A short time before the First World War, navigation on the two lakes experienced a heyday. In 1914, the new saloon steamer Lötschberg was launched – only to be mothballed after nine days when the war broke out. The era of the proud saloon steamers was over; reality had caught up with the carefree Belle Époque. Navigation was almost completely paralysed, and in 1917/18 it was even wholly suspended owing to lack of coal. Around the same time, the "Right Shore Lake Thun Railway" was set up in 1914, and the Brünig Railway was extended from Brienz to Interlaken in 1916. These railway lines combined to make navigation largely superfluous for local transport demand.
In response to the coal shortage and in order to rationalise management, the motor freighter Mercur was exchanged for the motor ship Mars in 1918; the Mars had been in operation on Lake Lucerne and was now run on Lake Brienz under the name of Iseltwald. In 1920, the BLS also acquired the MS Astra from the Lake Lucerne Steam Navigation Company; the new ship sailed on Lake Thun under the name of MS Gunten.
And another World War
When the old Thun Railway Station and the Scherzligen Station were merged into Thun's new Central Railway Station in 1923, the issue of a connection between Lake Thun navigation and the railway system was debated. The ideal solution came in 1925, when the shipping canal to the new railway station was built.
After passenger traffic had gained new momentum on Lake Thun in the late 1920s, the slump of the 1930s was again a cruel blow to navigation on the lakes. In the course of rationalisation efforts, the motor ships Morgarten (1928, from 1949 run under the name of Harder) and Niesen (1935) were acquired. This signalled the end for the steamships Stadt Thun (1929) and Oberland (1932).
After the Swiss franc had been devalued by 30% in 1936, tourism registered a new boom in the Bernese Oberland, too. For this reason, two new motor ships were launched in 1940: the Thun and the Oberhofen, the latter of which had been in operation at the Swiss National Exhibition in Zurich in 1939. Yet hardly had tourism recovered when the next World War broke out.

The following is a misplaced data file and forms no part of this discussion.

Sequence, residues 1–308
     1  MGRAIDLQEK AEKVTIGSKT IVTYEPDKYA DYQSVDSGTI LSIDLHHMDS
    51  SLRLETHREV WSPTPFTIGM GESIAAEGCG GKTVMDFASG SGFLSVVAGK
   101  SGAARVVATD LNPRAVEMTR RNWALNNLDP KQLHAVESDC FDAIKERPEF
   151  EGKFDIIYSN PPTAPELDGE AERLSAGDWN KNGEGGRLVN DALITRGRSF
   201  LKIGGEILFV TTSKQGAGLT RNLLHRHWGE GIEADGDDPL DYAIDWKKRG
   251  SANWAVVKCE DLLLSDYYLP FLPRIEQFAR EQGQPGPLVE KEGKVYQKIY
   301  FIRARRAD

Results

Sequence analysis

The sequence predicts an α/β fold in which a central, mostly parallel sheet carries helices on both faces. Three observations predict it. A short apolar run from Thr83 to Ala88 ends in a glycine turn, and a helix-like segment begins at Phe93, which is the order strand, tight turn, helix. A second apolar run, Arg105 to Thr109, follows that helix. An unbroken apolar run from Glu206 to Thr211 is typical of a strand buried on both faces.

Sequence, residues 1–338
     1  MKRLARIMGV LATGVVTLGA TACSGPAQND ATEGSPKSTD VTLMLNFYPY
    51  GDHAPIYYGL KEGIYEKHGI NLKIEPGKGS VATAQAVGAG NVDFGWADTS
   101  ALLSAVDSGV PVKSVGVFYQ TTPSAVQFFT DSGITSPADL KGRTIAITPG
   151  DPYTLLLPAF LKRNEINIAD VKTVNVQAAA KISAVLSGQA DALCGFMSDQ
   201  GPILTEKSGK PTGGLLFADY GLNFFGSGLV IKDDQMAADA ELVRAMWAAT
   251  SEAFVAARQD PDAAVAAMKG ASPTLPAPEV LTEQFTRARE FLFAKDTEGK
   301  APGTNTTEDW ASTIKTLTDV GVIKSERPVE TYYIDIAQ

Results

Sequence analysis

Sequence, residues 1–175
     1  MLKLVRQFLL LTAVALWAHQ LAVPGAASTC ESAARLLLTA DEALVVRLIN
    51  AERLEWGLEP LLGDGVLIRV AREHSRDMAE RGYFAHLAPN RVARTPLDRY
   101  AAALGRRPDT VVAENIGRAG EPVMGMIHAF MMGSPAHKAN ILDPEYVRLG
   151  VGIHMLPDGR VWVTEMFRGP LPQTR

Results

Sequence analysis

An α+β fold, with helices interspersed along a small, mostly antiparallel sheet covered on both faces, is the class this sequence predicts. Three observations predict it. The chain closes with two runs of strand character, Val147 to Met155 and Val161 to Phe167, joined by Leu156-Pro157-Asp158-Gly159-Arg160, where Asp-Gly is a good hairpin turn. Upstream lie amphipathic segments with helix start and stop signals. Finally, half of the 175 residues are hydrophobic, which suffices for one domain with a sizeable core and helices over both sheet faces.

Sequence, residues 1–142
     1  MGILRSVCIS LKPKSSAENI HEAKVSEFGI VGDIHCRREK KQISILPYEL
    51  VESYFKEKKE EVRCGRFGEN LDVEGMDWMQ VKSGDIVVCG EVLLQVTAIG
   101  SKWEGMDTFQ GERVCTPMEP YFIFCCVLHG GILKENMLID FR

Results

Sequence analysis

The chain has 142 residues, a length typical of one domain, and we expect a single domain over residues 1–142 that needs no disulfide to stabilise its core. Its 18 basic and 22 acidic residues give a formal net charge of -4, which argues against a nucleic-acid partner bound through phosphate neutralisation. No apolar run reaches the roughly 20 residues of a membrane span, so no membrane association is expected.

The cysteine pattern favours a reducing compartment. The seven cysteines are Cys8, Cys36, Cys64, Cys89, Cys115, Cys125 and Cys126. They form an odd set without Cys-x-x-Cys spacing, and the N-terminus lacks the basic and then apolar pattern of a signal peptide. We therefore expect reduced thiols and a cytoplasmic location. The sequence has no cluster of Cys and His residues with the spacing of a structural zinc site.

The years thereafter
The end of the Second World War marked the beginning of a new tourist boom. Since many ships had meanwhile become obsolete and uneconomical, an extension of the Lake Thun fleet had to be envisaged. Conversely, navigation on Lake Brienz had reported losses for years, and this raised the question of a complete close-down. Since the surrounding regions depended on revenue from tourism, however, the BLS decided to give this fleet a new lease of life, too. Thus the MS Rothorn was launched in 1950 and the MS Interlaken in 1956. The two last additions to the Lake Brienz fleet were the motor ships Iseltwald (1969) and Brienz (1981).
In a spectacular transport operation in 1999, the Lake Thun ship Jungfrau was moved to Lake Brienz and equipped with its new coat of flowers. In mid-2001, the small MS Harder was sold; it now lives as the Schwan on Lake Zug.
On Lake Thun, a number of new motor ships were added to the fleet: the Jungfrau (1954), the Stadt Bern (1956), the Niederhorn (1959), the Bubenberg (1962) and the Beatus (1963). The saloon steamer Blümlisalp was taken out of service in 1971. She was replaced by a motor vessel of the same name, which after the old Blümlisalp had been recommissioned in 1992 was renamed Stadt Thun. The fleet has since been further extended by the MS Stockhorn (1974) and the MS Berner Oberland (1996)
More pleasure whatever the weather
Travelling by boat is not only great while the sun shines, and BLS's special experience ships prove the point. Thus the Stadt Thun was converted into a dragon ship on the basis of an idea by the Thun artist Heinz von Gunten in the winter of 2000/2001. This unique ship attracted a great deal of attention throughout Switzerland and beyond its national borders. At the same time, the concept of the "fabulous Lake Thun region" was established, according to which a number of products and services were offered under the sign of the dragon. The dragon ship was reconverted into the Stadt Thun in the winter of 2003/2004. Traditional ships, however, have been faring equally well in the meantime: in winter 2000/2001, the Lake Brienz steamer Lötschberg was renovated in accordance with the guidelines laid down by the Office for the Conservation of Historic Monuments, and the new seminar and event ship MS Schilthorn, with its modern technical infrastructure, has been cruising on Lake Thun since June 2002.
Tradition and innovation
In 2006, the steamer Blümlisalp celebrated its 100th anniversary. In the previous winter, the “old lady” had been smartened up for the festivities with a large-scale renovation. In 2008, the motor vessel Stockhorn was converted into Switzerland’s first lounge ship – in tune with the zeitgeist. In the same year, the International Council on Monuments and Sites (ICOMOS) paid tribute to the restoration of the saloon steamer Lötschberg with its Special Award 2008. In 2009, Schifffahrt Berner Oberland registered a record utilisation of its regular passenger ship on Lakes Thun and Brienz.